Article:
5 Strategies to UP your fibre intake to Sustain Blood Sugar Levels

Fibre seems to be a buzzing nutritional component these days, with many brands wanting to show off the amount of fibre in their product.

 

Today, we are taking a deep dive into the world of fibre, and how it can play an important role in sustaining blood sugar levels.

 

What is dietary fibre? It’s essentially the parts of plant foods that your body can’t digest or absorb. It can be further broken down into two types: soluble and insoluble.

Soluble Fibre: attracts water and forms a gel. This in turn lowers blood cholesterol levels, controls blood glucose (sugar) levels and slows the digestion of food, so you feel full longer. This includes dates, and Liva date products

 

How does that translate to our plate? Sources like oat bran, barley, psyllium, nuts and seeds, dried beans, peas, and lentils and vegetables and fruit.

 

Insoluble Fibre: helps to increase stool bulk. Additionally, improve constipation and promote a healthy digestive system and regular bowel movements. This can be found in the skins of vegetables and fruit, and whole grains.

 

Dieticians of Canada recommends that women should consume 25g of fibre per day, and men should consume 38g of fibre per day.

 

While that seems manageable, meeting these recommendations is harder than it may seem. In fact, most Canadians are only consuming on average half of the recommended amounts.

 

Why increase your intake of dietary fibre?

 

  • Improve the diversity of your microbiota
  • Improve constipation and lactose intolerance
  • Enhance immunity
  • Reduce inflammation in your gut

 

Now what? How do I incorporate more fibre into my diet? Here are 5 strategies to easily incorporate more fibre!

 

  1. Incorporate more Fruit and Vegetables

 

We could all benefit from incorporating more fruits and vegetables into our diet. Keeping the skin on fruit where possible is a great way boost your fibre intake. Choosing fruits high (3-4g per serving) in fibre like; apples, pears, blueberries (1 cup) and strawberries (1 cup) and vegetables with (3-4g per serving) like sweet potatoes, cauliflower, carrot to name a few is a simple way incorporate more fibre.

 

  1. Choose whole grains and legumes

 

Switching to whole grain pasta, breads and rice is a simple way to drastically boost the fibre you consume. Additionally, incorporating more legumes is a strategy to diversify the fibre rich protein sources in your diet. Legumes are high in resistant starches. Resistant starches work like fibre but are fermented by bacteria in the colon and improve gut health. Consuming more legumes is a simple way to increase fibre intake and consume more plant-based sources of protein which have been shown to reduce inflammation.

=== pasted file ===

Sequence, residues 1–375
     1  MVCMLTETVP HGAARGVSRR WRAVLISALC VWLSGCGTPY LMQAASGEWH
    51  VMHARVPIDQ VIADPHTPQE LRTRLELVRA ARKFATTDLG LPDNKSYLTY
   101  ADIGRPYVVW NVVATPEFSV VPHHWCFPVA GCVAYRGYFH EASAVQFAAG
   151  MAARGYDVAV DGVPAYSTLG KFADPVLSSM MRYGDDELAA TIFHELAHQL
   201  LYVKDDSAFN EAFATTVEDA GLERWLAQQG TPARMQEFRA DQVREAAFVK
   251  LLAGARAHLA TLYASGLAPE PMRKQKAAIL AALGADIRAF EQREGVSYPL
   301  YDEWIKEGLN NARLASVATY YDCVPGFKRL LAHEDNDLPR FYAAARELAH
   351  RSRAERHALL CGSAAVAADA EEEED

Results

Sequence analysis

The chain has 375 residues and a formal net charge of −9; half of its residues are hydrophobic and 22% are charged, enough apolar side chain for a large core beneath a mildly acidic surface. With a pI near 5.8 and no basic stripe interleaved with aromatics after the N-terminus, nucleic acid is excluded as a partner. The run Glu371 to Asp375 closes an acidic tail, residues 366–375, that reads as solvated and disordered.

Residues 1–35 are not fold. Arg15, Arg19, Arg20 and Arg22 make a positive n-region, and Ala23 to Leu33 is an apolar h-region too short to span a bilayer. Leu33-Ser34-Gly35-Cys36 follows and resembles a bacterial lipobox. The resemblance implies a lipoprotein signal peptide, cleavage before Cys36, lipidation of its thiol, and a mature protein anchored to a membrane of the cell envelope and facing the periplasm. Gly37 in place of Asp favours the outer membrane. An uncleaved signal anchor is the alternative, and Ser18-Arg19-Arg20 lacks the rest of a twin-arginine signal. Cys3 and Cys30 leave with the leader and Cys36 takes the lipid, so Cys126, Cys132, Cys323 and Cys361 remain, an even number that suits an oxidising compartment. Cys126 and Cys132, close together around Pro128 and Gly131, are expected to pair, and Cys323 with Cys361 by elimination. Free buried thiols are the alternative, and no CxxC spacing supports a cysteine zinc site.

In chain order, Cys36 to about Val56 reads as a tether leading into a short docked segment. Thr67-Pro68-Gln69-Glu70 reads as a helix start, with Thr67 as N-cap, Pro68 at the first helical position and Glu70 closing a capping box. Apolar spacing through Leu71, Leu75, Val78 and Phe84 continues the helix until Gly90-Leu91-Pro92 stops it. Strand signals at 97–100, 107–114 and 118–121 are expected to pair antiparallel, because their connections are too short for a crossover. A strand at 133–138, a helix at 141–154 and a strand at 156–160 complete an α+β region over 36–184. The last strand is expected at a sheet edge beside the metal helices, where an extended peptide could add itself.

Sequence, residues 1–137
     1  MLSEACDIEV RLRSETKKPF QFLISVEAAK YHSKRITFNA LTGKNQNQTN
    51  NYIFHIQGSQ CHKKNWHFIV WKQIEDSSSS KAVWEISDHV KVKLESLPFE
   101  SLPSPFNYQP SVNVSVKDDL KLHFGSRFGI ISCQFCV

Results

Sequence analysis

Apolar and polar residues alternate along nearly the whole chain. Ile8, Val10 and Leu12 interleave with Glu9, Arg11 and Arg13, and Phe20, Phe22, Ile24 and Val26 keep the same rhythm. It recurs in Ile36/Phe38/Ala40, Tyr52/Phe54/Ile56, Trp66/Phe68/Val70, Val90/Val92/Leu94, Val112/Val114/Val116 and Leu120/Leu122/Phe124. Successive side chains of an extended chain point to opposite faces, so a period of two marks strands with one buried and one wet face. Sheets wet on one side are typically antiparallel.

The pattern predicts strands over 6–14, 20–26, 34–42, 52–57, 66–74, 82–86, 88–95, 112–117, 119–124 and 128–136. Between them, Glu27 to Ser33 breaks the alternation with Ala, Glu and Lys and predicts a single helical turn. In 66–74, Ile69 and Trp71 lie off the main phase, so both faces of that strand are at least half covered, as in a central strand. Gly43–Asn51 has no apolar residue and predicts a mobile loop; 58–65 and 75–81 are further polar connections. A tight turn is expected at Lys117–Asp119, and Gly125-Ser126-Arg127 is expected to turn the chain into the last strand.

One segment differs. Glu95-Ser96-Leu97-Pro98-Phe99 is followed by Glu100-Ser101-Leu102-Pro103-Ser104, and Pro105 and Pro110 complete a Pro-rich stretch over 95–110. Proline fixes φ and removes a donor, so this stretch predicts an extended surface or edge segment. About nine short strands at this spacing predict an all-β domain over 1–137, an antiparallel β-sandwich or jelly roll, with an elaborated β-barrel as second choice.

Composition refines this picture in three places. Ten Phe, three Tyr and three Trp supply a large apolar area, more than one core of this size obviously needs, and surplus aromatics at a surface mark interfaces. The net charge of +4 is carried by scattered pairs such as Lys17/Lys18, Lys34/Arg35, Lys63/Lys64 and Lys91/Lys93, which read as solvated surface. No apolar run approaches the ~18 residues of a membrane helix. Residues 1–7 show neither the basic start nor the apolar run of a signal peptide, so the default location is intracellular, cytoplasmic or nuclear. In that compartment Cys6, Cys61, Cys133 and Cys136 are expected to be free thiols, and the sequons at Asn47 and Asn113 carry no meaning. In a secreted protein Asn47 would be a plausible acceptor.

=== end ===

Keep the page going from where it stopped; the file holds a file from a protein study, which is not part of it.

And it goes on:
1. Switch the way you sweet

 

Have you ever considered the nutritional components of the sweeteners you choose? While flavour is an important factor in your sweetener choice, fibre should be a factor to consider. Fibre plays an essential role in combating the rise in blood sugar when consume glucose rich foods. Liva date powder contains 1g of fibre per 1tsp. Honey, refined white sugar, and coconut sugar have 0g of fibre per 1tsp. This means that Liva date powder contains 4% our daily value of fibre and can be an easy swap for those who want to manage blood sugar and increase their fibre intake.

 

  1. Read food labels

 

When’s the last time you considered if there is a higher fibre version of the food you consume? Next time you’re in the grocery store, stop, think and flip, and look at the % daily value of fibre found in the packaged foods you buy.

Remember that; 5% DV or less is a little and 15% DV or more is a lot for all nutrients. You might be surprised what find.

 

  1. Create a “fibre topper”

 

Combine your favorite nuts, seeds, and warm spices with Liva date powder to a jar. Simply add to oatmeal, on top of smoothies, and yogurt bowls to instantly boost the fibre and flavour of your favorite meals without thinking twice!

 

Looking for recipes to get inspired, head to the recipes page on our blog!

 

Most importantly, understand that change takes time, and our bodies prefer subtle sustained improvements to our diets. While recommendations are important, listen to your individual needs. Increasing fibre too quickly may cause gastrointestinal destress so it is essential to incorporate more fibre slowly throughout the day and remaining adequately hydrated.

 

This article was developed by Emma BscFN (c), our resident dietetics student.

 

*Note that this article is intended for informational purpose only and is not intended as medical or direct nutritional advice. Please consult your medical doctor or individual counseling with a registered dietician to determine what isbest for your unique needs.

Resources:

  1. https://www.canada.ca/en/health-canada/services/nutrients/fibre.html
  2. https://www.ucsfhealth.org/education/increasing-fiber-intake
  3. https://livafoods.com/pages/nutrition
  4. https://www.bda.uk.com/resource/fibre.html
  5. https://www.unlockfood.ca/en/Articles/Fibre/Getting-more-fibre.aspx

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